The United Musicians and Allied Workers Unions launch ‘Justice at Spotify’ campaign
The United Musicians and Allied Workers Union have launched a campaign against Spotify. Dubbed ‘Justice at Spotify’, the campaign outlines a number of demands including raising the streaming royalty to one cent per stream, adopting a user-centric payment model and transparency on all closed-door contracts.
“One of Spotify’s core goals is to give ‘a million creative artists the opportunity to live off their art’. Yet, to generate a single dollar on the platform, a song needs to be streamed 263 times,” the campaigns mission statement reads.
“To put that in perspective, it would take 786 streams to generate enough revenue to buy an average cup of coffee. To pay the median American monthly rent ($1,078) an artist needs to generate 283,684 recurring streams monthly. And to earn $15/hr each month working full time, it would take 657,895 streams per band member.”
UMAW is demanding that artists be paid 1 cent per stream — almost triple what they’re being paid now at $.0038 USD per stream. Consequence of Sound crunched the numbers and this payout would likely be unsustainable for the streaming monolith.
Spotify made $7.3 billion in revenue in 2019, with a gross profit of only $1.8 billion. The majority of the $5.5 billion difference was split between labels and artists.
A 1 cent per stream demand may be infeasible — but Spotify is still playing artist’s significantly less than competitors. With Apple Music paying around $.00675 per stream.
“Spotify is the most dominant platform on the music streaming market. The company behind the streaming platform continues to accrue value, yet music workers everywhere see little more than pennies in compensation for the work they make,” the statement continues.
“With the entire live music ecosystem in jeopardy due to the coronavirus pandemic, music workers are more reliant on streaming income than ever.”
Justice at Spotify is also demanding Spotify be more transparent with their finances and their behind-closed-doors relationships with major record labels.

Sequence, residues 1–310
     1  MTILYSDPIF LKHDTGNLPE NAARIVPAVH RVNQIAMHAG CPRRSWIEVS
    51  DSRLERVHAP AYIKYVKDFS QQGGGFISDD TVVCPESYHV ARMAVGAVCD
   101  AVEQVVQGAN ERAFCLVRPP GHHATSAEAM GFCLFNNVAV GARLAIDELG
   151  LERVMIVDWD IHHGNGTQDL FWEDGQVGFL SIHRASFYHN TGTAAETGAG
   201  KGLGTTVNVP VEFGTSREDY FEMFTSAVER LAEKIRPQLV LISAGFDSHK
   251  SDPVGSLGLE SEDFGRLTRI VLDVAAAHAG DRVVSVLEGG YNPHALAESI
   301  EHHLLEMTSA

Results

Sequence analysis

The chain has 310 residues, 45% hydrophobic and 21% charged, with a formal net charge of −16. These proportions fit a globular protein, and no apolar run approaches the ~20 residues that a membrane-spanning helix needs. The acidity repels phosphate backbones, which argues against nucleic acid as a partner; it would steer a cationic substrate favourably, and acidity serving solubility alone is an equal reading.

“Major record labels own a huge percentage of Spotify’s catalog,” the demand read. “With their leverage they are able to dictate the terms of their own streaming royalties and negotiate their own complex payment structures. It also gives them preferential treatment when it comes to editorial and algorithmic playlisting, something that all artists depend on.
“We are calling on Spotify to be more transparent with their finances, their platform, and their relationships with artists. Make all deals with major labels public, and to end practices that resemble payola.”
UMAW also request that the platform gives proper credit all engineers, musicians and labourers that work on recordings.
The campaigns final request is that Spotify stop fighting artists. The statement cites the controversial Music Ally interview with CEO Daniel Ek. That saw Ek that in the current music consumption landscape, artists need to consider more consistent commitment to their output than in the past.
“You can’t record music once every three to four years and think that’s going to be enough,” he said at the time.
“It is about putting the work in, about the storytelling around the album, and about keeping a continuous dialogue with your fans.
“I feel, really, that the ones that aren’t doing well in streaming are predominantly people who want to release music the way it used to be released.”
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Spotify is the most dominant platform on the music streaming market. The company behind the streaming platform continues to accrue value, yet music workers everywhere see little more than pennies in compensation for the work they make. With the entire live music ecosystem in jeopardy due to the coronavirus pandemic, music workers are more reliant on streaming income than ever. We are calling on Spotify to deliver increased royalty payments to at least one cent per stream, adopt a user-centric payment model, show transparency in their practices by making all closed-door contracts public, reveal existing payola & end it all together, credit all labor in recordings and to end all legal battles intended to further impoverish artists. Sign onto our demands at unionofmusicians.org/justice-at-spotify ?
A number of artists have gotten behind the campaign including Guy Picciotto of Fugazi, Zola Jesus, Alex Somers, Ted Leo Deerhoof, Jay Som, Lady Lamb, Illuminati Hotties, Eve 6, WHY?, Sad13, Tanya Donelly, Sheer Mag and more.
To sign the petition, and to find out more head here.
This article originally appeared on The Industry Observer, which is now part of The Music Network.